Vitamin B group
The B group vitamins (B1, B2, niacin, B6, B12, biotin, folic acid and pantothenic acid) are involved in diverse roles such as energy production, absorption and transport of iron and blood cell production. All of which could plausibly be involved in athletic performance. However, there are few studies on the B group vitamins outside of the general multivitamin studies, these have shown no benefit in supplementation above the recommended daily intake. However, in older adults, who may have low B group vitamin levels, there may be some benefit. Vitamin B12 supplementation was found to be helpful for improved exercise performance in people with chronic obstructive pulmonary disease, post-menopausal women and older adults.
Antioxidant vitamins and oxidative stress
Cellular damage from oxidative stress, initiated by excessive levels of aerobic exercise-produced reactive oxygen species, is an issue for endurance athletes. Reactive oxygen species may also contribute to the onset of fatigue. So it might be assumed that use of antioxidant vitamins would help combat damage and fatigue. There is widespread use of antioxidant vitamins based on this assumption.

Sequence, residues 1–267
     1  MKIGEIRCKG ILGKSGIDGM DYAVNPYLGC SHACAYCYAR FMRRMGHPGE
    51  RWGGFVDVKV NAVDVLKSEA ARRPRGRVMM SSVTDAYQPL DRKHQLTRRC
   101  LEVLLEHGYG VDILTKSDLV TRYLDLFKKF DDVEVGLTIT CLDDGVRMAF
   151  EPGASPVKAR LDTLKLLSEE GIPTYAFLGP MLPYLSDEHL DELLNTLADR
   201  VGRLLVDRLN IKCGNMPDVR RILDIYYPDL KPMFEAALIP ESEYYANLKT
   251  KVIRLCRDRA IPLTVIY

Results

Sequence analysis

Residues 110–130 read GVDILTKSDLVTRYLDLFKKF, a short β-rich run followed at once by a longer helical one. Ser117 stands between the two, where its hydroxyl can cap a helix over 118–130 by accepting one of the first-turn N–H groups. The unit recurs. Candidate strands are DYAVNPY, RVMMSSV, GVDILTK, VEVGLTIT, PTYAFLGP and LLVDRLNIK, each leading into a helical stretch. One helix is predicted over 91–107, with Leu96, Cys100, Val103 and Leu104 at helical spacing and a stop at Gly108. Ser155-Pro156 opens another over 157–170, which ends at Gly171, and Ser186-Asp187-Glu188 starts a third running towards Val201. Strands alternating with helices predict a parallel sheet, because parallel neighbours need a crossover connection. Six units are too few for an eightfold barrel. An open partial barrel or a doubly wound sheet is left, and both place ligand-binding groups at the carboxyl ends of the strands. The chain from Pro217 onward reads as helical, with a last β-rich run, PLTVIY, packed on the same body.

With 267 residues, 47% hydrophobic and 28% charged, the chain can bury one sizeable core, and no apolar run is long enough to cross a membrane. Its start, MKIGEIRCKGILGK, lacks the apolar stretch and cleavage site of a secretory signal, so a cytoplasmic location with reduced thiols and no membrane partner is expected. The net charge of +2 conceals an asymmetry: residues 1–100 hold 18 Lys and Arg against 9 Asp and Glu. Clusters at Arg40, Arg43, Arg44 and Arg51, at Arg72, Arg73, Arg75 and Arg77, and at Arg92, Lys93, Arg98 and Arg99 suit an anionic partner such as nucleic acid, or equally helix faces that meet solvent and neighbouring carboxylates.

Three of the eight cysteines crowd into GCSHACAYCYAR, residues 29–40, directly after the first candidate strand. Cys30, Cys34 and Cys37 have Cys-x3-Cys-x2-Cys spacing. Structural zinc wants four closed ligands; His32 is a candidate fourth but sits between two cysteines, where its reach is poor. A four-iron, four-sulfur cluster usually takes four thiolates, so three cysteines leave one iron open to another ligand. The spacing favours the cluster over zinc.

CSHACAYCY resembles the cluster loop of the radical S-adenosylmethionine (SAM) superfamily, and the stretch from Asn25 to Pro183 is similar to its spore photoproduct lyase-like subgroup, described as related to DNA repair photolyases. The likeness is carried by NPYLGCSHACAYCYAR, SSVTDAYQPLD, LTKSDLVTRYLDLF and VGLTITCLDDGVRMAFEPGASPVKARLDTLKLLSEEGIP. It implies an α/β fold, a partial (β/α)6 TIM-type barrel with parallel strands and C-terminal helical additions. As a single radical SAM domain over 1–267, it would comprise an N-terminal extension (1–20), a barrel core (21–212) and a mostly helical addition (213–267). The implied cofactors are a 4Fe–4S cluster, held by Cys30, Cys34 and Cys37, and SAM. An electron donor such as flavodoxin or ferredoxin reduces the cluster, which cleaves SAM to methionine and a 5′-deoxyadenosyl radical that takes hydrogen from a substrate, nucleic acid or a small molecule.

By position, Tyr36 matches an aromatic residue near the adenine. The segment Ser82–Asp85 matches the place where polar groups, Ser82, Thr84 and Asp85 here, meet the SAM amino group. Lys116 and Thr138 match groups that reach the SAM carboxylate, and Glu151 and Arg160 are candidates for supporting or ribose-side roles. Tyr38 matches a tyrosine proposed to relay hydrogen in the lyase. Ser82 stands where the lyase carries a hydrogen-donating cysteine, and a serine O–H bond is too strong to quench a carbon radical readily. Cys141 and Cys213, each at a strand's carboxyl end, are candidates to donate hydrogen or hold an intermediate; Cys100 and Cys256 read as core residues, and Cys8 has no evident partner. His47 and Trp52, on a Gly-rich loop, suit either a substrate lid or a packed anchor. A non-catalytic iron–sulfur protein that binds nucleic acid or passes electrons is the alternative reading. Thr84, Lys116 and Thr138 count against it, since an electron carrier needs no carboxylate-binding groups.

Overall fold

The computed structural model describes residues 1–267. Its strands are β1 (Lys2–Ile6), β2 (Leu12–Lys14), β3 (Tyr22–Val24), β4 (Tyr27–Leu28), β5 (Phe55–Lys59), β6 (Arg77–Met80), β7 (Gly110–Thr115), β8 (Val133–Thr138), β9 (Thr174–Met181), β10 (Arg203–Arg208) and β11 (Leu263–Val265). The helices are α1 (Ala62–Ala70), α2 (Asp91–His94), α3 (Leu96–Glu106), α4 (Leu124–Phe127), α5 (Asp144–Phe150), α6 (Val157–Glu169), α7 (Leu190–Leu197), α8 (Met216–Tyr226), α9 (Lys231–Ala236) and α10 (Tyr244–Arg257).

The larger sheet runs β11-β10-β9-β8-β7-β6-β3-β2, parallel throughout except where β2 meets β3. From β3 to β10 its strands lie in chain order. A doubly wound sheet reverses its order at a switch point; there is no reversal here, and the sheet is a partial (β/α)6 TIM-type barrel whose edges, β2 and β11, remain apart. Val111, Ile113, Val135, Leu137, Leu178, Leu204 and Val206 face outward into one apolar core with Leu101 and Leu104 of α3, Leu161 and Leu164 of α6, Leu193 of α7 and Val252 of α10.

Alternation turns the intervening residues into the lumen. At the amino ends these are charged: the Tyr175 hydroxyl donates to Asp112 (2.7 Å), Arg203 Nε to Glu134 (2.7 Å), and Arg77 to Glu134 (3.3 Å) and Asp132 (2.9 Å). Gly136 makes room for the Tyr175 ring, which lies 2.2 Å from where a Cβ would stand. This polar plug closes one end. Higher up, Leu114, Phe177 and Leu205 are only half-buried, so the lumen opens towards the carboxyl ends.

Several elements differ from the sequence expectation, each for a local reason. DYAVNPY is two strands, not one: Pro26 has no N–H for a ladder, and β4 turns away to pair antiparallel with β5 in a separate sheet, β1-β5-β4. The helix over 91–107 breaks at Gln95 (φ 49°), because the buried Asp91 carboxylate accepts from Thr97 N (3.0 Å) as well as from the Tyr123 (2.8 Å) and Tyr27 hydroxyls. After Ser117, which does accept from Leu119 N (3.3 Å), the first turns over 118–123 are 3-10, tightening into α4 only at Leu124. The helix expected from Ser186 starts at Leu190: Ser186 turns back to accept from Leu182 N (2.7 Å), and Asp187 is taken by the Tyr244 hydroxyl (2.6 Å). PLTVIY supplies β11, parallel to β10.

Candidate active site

However, there is now substantial evidence that reactive oxygen species play a crucial role in exercise adaptations, and supplementation can interfere with this. Vitamin C and E supplementation prevents some cellular adaption to endurance training, and overall has no beneficial (and possibly even detrimental) effects on endurance training.
As well as its well-known importance for calcium homeostasis and bone metabolism, Vitamin D also has important direct effects on skeletal muscle. Thus vitamin D has been a recent focus of supplementation for athletes. While higher plasma concentrations of vitamin D are associated with reduced injury rates and improved sports performance, it is not clear if vitamin D supplementation will improve athletic performance or injury recovery in people who are not vitamin D deficient.